It was too nice in San Francisco this weekend to go to the movies. Next weekend, though, I will certainly go see Oliver Stone’s revisiting of the accidental hero Gordon Gekko in Wall Street 2: Greed Never Sleeps. In light of recent macroeconomic events, I expect a healthy serving of Stone’s liberal agenda. Though I hate to pre-judge, I’m certain Charlie Sheen’s Bud Fox will eternally outshine any supporting performance that the petulant Shia LaBeouf can muster.
Fictional accounts of the global financial morass aside, the U.S. government’s bailout of itself goes largely unnoticed. Liberal media, or most any media for that matter, won’t touch it, not because they don’t want you to know about it, but because they don’t understand it. Fannie Mae and Freddie Mac packaged and sold much of the smack peddled by our favorite evil investment banks, and now we’re all paying a hefty price for the once-implied, now-real government backing of these failed institutions.
Of course, the media don’t seem to understand what happened with the bailout of private companies like Goldman Sachs and Bank of America, either. To hear that story told, executives stole directly from the taxpayers’ pockets via extravagant bonuses. What actually happened: The U.S. government made the smartest investment of its pockmarked career by essentially loaning troubled but resilient businesses some money that they have partially paid back, with interest, quickly.
So let’s talk about Fannie and Freddie in plain English. In finance nerd parlance, they are (well, were) government-sponsored entities (GSEs). They couldn’t fail, and investors latched on to that. They are the original too big to fail.
Economics is all about incentives. The government gave these entities the incentive to lend to anyone. If you were the CEO of Fannie Mae and you knew that the government would almost certainly cover any loans that went bad, wouldn’t you also be in the business of loaning to anyone and everyone?
The government at some point in the middle of the last century declared home ownership the stanchion of the American Dream, and the GSEs became the circus barkers of said Dream. They buy the majority of home loans issued in this country and sell them to investors, giving the banks more capacity to make home loans. The system did not fully cause but certainly enabled the financial pain through which we continue to trudge, heads and hearts weary with uncertainty.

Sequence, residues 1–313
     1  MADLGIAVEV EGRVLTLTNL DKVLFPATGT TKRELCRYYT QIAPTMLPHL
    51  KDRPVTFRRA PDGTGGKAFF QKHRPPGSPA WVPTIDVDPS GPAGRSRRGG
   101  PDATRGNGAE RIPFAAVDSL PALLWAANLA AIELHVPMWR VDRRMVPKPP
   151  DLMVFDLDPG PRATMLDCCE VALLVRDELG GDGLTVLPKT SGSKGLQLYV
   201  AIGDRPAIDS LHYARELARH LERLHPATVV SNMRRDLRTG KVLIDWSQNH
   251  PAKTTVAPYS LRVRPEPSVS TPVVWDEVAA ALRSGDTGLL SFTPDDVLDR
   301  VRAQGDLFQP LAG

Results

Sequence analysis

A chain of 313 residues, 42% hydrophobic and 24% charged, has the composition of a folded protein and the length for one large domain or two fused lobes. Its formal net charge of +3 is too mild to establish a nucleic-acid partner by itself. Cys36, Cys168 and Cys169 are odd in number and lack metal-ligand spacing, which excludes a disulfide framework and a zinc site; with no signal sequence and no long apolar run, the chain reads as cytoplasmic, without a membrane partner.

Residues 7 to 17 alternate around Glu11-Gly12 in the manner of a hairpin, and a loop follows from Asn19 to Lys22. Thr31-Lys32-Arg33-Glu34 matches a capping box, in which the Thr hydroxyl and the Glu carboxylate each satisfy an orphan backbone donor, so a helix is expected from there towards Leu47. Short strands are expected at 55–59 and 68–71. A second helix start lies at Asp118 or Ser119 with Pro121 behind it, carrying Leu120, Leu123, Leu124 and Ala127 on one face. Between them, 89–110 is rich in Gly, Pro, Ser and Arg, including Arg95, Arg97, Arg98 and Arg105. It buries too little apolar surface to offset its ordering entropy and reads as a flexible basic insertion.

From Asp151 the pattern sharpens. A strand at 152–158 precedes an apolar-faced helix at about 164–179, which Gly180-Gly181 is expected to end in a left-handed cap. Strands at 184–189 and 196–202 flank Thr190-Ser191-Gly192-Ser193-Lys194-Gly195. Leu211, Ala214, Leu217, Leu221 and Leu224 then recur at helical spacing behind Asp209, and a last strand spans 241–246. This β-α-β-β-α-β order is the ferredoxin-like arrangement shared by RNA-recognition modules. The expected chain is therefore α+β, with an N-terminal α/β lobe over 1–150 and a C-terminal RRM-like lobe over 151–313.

And who demands property and highly available credit? All the Joe and Josie Sixpacks themselves, every American in possession of the misguided notion that homeownership is somehow good and necessary. Unfortunately, most of these Americans are bereft of the ability to do second-grade math, so they never understood the mortgages they signed or comprehended that in most cases renting would make them far richer (and therefore more American) than buying, over time.
The financial meltdown has myriad, complex causes and effects. But this humble writer strongly believes that no one cause was more effectual and disastrous than the GSEs. Look at the numbers, which never tell the whole story but tell a story nonetheless. Fannie and Freddie have received $150 billion from you, the taxpayer, to date, and the government estimates it will take about $400 billion to cover their expected losses. Private enterprise has received $550 billion, spread across hundreds of institutions of all kinds, more than 10% of which has been repaid by the most vilified of the banks. Another big chunk comes back to us upon GM’s much-anticipated IPO.
Where was greed and mismanagement most egregious?
Gordon Gekko, in a marvelously ill-conceived trailer sound bite for Wall Street 2, claims “…greed is good. And apparently now it’s legal.”
Now it’s legal? By my watch, it’s always been legal, and the very foundation of not only America but the universe. Agrarian society was made possible by farmers who realized they could have a little more comfort and a lot more food for their families if they sold some of the extra grub they grew. Had Henry Ford not been driven to acquire great wealth we might all be forced to walk the earth slowly, inhaling impossibly clean air and shivering without the security blanket of global warming.
Worst…point…ever. In life, there are tradeoffs.
American Greed originated with the government, so land-hungry at certain points in our history that it stole large parcels from other countries and its own people. Subsequent white dudes in charge then made it really, really easy to build subpar homes in horribly harmonious tracts across that stolen land. Behold, our great land dotted with franchised Curves outposts and shoddy periwinkle aluminum siding.
We all feel entitled to big homes and easy credit, easy jobs, and easy access to fried foods during our 90-minute lunch breaks. We, dear nation, are soft.
Lest this screed drift too far into Tea Party-land, I’ll lay down my virtual pen and leave you with a quote from Comrade Gekko himself:
“Lunch is for wimps.”